Markets: $ZMZ, $SPY, $SLV, $SB_F, $EURUSD, $CL_F, $OIL

Silver is a cross dresser!

 …and other charts I am watching the week of September 12, 2011

One of the goals of this blog is to focus on the purity of price charts without the clutter of any number of indicators. Not a single chart in Schabacker’s manuscripts or in the Edwards and Magee book contains such indicators as RSI, stochastics, MACD, ADX, DMI, Bollinger Bands, oscillators, %R or the like. Yet, who can question the brilliance of their legacy?

All of these indicators are derivatives of price. I take nothing away from traders who make their living using indicators. All the more power to you! Heck, some of my good trader friends use various indicators. But, in my mind, why should I study price derivatives when I can directly study price itself? Am I discouraging novice traders to avoid the use of indicators? No, not at all! But for me, price is king.

The markets and charts I am watching the week of September 12, 2011 include:

  • Silver
  • S&Ps
  • Nasdaq 100
  • Soybean Meal
  • Soybeans
  • Euro Currency (EURUSD)
  • Canadian Dollar
  • U.S. Dollar Index
  • Crude Oil
  • Rough Rice
  • Sugar

It is highly unlikely that I will become involved in any markets besides these. I select my trading list each Saturday for the following week and I attempt to keep the list intact without additions.

So, here we go, folks


Often times a market will become a cross dresser – putting on bearish clothing one moment and bullish clothing the next. Such is the present case in Silver. Both a bullish and bearish story can be told technically. The bullish pattern is a bull horn, or sloping bottom (solid lines). Note that the final breakout of the horn has stalled in the form of a symmetrical triangle. A move into new highs would complete this triangle and confirm the horn – and establish a target of 52.00.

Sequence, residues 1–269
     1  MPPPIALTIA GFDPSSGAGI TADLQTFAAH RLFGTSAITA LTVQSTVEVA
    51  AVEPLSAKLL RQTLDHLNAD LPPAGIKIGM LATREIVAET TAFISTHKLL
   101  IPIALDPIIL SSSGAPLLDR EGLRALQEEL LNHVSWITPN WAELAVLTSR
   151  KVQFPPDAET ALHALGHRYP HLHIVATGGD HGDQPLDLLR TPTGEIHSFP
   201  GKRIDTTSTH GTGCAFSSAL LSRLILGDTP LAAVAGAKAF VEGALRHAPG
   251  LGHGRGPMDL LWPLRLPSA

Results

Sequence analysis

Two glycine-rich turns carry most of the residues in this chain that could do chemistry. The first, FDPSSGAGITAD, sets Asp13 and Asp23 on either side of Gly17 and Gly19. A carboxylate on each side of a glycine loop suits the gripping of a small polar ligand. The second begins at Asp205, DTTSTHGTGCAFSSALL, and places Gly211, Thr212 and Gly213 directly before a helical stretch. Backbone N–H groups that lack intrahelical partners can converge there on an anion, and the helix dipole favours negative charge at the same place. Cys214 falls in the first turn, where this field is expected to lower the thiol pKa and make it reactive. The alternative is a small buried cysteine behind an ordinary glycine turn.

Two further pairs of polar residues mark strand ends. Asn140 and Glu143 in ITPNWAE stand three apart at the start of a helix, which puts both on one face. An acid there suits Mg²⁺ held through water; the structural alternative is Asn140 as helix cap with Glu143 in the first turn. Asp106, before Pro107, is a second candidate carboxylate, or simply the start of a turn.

The bearish narrative is a rising wedge from the June low (dashed line). The same small 4-week triangle is also in play in the bearish scenario. A completion of this triangle in a downward direction should provide the thrust to complete the wedge, establishing a target of 32.50.

I am without a position in this market, but I have the market bracketed with buy stops above and bear stops below.


Like all other of the broad stock indexes, the S&Ps are forming a 5-week flag. I continue to view the H&S top completed in early August as a MAJOR reversal in stocks.

I am short two layers. I will attempt to extend leverage next week on any minor rally. I believe that Friday will become to the upcoming decline what August 1 was to the early August decline. I have given up (for the moment) on the idea of a BOGI gap. Instead, I am labeling the flag as the BOGI flag. I will extend leverage further upon the completion of the BOGI flag.

Nasdaq 100

The Nasdaq is forming a flag as a retest of its massive broadening top. The broadening top is a rare, but potentially powerful chart pattern. According to Schabacker, “In most cases a rally will develop shortly after the level of the fourth reversal has been broken, and in most cases this rally will carry prices about half way back….” The retests of broadening tops are notorious for digging back into the completed pattern.

In fact, the retest rally in the Nasdaq retraced 55% of its July to August decline. I believe this flag will resolve itself in the direction of the broadening top with a flag target of 1899, slightly lower than the target from the broadening top.

I am short one layer, looking to extend short leverage. I think that Friday will be the counterpart to the upcoming decline as July 27 was to the first major leg down.

Soybean Meal